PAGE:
US President Joe Biden will now be the fourth president to oversee American military operations in Afghanistan. However, the US- Taliban deal signed in February 2020 and the following intra-Afghan dialogue negotiations are now delicately poised between success and failure, depending on what Biden’s policies are going to be — whether he will continue towards a full withdrawal by May 2021, or decide to keep a residual military presence in the country.
As Biden settles in, the US Treasury Department has already highlighted a new conundrum, that Al-Qaeda has been growing in strength in Afghanistan under the auspices of the Taliban.
‘Keep Talking, Keep Dying...’?
The initial readings of Biden’s approach towards Afghanistan have been blurry. While US Secretary of State Antony Blinken said he still has to see the full details (the annexes) of the US-Taliban deal signed under Trump, Biden has decided to keep Chief Negotiator Zalmay Khalilzad at the helm of the process for now. More worryingly perhaps, the new US Defense Secretary, (retired) Army General Lloyd Austin, appeased Pakistan by acknowledging that the country had taken “constructive steps” to reign on anti-India terror groups such as Lashkar-e-Taiba and Jaish-e-Mohammed.
Pakistan instead is only doubling down on its posture in Afghanistan as it supports the Taliban.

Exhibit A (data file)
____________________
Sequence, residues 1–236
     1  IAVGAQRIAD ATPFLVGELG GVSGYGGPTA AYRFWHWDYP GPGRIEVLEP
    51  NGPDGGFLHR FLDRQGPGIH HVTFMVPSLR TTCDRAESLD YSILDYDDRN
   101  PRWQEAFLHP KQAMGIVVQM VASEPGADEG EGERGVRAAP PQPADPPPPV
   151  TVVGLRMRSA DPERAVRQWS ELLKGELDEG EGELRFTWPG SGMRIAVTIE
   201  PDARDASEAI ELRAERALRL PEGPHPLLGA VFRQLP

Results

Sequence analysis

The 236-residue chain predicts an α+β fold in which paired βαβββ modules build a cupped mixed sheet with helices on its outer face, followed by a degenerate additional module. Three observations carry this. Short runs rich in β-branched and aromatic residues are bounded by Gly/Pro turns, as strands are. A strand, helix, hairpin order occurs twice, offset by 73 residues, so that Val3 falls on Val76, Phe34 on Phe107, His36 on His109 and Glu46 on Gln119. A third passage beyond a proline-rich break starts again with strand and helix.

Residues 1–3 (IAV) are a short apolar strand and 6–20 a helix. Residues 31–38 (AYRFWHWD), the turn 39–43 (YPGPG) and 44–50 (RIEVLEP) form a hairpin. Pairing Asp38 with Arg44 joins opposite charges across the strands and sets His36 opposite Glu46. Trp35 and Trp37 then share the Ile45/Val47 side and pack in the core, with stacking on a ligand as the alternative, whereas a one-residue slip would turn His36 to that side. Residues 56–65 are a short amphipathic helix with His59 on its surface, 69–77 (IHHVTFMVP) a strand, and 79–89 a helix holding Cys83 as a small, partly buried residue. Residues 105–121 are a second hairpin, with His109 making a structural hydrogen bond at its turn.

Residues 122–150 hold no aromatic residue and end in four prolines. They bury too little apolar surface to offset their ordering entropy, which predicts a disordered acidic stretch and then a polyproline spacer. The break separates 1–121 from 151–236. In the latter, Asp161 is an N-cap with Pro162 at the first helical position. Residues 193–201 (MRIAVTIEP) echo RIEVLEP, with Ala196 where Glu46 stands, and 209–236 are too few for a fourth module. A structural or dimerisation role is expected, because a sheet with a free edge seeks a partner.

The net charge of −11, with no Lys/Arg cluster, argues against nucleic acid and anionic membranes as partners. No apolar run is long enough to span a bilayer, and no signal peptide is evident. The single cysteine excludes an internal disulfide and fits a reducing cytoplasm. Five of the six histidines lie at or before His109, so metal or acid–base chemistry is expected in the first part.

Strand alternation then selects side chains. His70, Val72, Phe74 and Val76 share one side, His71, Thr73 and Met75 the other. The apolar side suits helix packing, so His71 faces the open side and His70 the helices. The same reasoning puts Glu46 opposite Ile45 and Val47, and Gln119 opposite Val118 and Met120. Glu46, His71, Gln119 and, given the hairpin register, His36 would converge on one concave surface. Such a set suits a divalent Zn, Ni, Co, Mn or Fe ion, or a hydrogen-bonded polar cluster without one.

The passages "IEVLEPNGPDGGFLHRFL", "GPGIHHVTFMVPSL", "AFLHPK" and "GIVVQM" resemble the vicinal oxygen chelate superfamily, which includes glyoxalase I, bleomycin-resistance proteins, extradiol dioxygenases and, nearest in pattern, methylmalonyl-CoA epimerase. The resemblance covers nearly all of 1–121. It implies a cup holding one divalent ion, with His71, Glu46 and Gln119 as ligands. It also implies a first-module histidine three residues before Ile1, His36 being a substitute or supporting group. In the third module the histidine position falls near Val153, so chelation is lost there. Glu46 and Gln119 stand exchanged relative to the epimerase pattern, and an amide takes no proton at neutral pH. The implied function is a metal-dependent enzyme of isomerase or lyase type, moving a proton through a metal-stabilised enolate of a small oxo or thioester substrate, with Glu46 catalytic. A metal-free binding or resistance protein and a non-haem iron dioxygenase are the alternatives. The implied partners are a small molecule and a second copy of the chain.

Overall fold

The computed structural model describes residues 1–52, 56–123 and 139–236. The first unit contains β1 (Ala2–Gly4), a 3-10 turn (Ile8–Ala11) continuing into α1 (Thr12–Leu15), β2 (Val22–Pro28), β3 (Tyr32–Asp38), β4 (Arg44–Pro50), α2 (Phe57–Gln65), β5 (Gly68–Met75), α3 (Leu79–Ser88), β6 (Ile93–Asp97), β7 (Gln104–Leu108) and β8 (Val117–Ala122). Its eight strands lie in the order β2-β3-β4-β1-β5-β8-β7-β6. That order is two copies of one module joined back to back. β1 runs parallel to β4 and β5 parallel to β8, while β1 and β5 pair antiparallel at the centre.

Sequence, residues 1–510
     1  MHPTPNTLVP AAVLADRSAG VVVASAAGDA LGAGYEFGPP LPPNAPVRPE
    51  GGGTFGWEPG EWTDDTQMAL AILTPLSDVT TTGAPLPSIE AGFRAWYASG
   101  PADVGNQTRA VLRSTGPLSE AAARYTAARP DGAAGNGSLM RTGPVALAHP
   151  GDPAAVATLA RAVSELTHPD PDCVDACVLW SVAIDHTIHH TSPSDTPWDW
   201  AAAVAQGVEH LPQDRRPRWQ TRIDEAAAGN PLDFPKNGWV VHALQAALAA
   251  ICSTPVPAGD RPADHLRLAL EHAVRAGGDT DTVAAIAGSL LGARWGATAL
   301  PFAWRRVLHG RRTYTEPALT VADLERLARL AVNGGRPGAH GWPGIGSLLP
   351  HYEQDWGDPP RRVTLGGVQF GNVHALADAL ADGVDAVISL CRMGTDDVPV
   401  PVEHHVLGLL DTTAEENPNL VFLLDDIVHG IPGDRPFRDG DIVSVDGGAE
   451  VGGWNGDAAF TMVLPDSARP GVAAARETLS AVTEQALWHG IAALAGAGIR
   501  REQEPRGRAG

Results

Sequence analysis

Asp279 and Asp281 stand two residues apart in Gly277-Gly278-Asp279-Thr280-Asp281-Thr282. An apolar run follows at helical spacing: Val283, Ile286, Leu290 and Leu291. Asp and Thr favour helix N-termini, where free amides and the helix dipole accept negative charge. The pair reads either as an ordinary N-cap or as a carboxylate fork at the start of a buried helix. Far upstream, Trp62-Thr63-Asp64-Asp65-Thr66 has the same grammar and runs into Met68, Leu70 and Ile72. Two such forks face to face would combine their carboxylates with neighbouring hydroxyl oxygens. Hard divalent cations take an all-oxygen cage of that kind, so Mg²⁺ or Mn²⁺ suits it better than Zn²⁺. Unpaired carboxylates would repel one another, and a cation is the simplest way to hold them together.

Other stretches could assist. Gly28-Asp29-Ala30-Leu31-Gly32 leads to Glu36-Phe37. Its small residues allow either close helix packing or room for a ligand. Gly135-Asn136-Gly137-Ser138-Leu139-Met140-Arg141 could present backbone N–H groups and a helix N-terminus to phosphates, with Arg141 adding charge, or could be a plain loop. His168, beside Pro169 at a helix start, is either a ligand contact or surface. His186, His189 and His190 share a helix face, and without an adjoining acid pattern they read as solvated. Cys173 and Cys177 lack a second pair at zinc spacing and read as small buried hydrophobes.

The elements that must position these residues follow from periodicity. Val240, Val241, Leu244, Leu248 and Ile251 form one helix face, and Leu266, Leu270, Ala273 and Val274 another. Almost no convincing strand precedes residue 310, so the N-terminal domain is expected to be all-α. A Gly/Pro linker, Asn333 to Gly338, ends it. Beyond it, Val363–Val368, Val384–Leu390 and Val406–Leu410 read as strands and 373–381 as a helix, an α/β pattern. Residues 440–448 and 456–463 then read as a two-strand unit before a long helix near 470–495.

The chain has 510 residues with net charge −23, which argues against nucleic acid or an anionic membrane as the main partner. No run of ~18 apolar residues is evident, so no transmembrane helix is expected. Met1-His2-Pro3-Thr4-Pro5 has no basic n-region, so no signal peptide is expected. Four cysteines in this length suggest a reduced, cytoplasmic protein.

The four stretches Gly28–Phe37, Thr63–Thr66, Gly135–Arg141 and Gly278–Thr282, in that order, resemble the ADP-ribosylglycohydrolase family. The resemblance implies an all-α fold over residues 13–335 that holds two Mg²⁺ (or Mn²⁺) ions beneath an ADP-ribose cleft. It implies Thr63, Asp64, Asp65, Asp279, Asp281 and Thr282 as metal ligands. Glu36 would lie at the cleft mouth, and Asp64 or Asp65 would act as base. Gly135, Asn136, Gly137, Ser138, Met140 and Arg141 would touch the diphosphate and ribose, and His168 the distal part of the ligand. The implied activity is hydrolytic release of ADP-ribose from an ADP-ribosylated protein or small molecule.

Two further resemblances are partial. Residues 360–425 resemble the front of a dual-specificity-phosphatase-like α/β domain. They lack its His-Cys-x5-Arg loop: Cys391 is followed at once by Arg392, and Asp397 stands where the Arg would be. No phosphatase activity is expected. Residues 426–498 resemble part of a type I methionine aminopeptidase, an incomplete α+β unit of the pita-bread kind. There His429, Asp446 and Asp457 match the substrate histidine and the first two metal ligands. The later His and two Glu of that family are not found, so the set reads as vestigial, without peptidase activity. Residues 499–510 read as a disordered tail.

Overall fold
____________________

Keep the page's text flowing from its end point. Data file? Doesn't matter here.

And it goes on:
According to a report on a phone conversation between Pakistani Foreign Minister Shah Mahmood Qureshi and his Afghan counterpart Hanif Atmar, when the question of increased violence was raised, Qureshi reportedly said that the progress in dialogue “will facilitate reduction in violence, leading to ceasefire.” In other words, ‘keep talking, keep dying, till the point that Islamabad wants to reach’.
US’s Exit From Afghanistan Mired In Confusion
The fact of the matter remains that US’s exit from Afghanistan, where its troop numbers are down to only 2,500, is mired in confused policies and an increased conflict of thought between a realist and a moralist one, both perhaps converging towards the same eventuality.
Some analysts have recommended that the Biden administration should strive for a ‘responsible withdrawal’, which means requiring US troops to be stationed in the country.
Such an eventuality will be unpalatable to the Taliban, which has, thanks to nearly two years of secessionist policies of negotiation tactics by the US, gained an upper hand, already acting as a State-in-waiting for its geographic State, conducting diplomacy, public outreach and even getting to use social media for its propaganda and narrative building at a time when a sitting US president in Donald Trump was banned from doing so.
The Afghanistan Conundrum: India Knows That US Stands On ‘Weaker Ground’
While not many would be against a settlement to bring hostilities to a bare minimum, what has eventually taken place, is that the Taliban has managed to develop a successful two-front strategy, gaining stronger leverage on the negotiating table while simultaneously refusing to commit to a ceasefire, using violence to push its own narratives with both the US and the democratically-elected government in Kabul led by President Ashraf Ghani. Arguably, It has been the Taliban which has been succeeding on almost all fronts in these talks.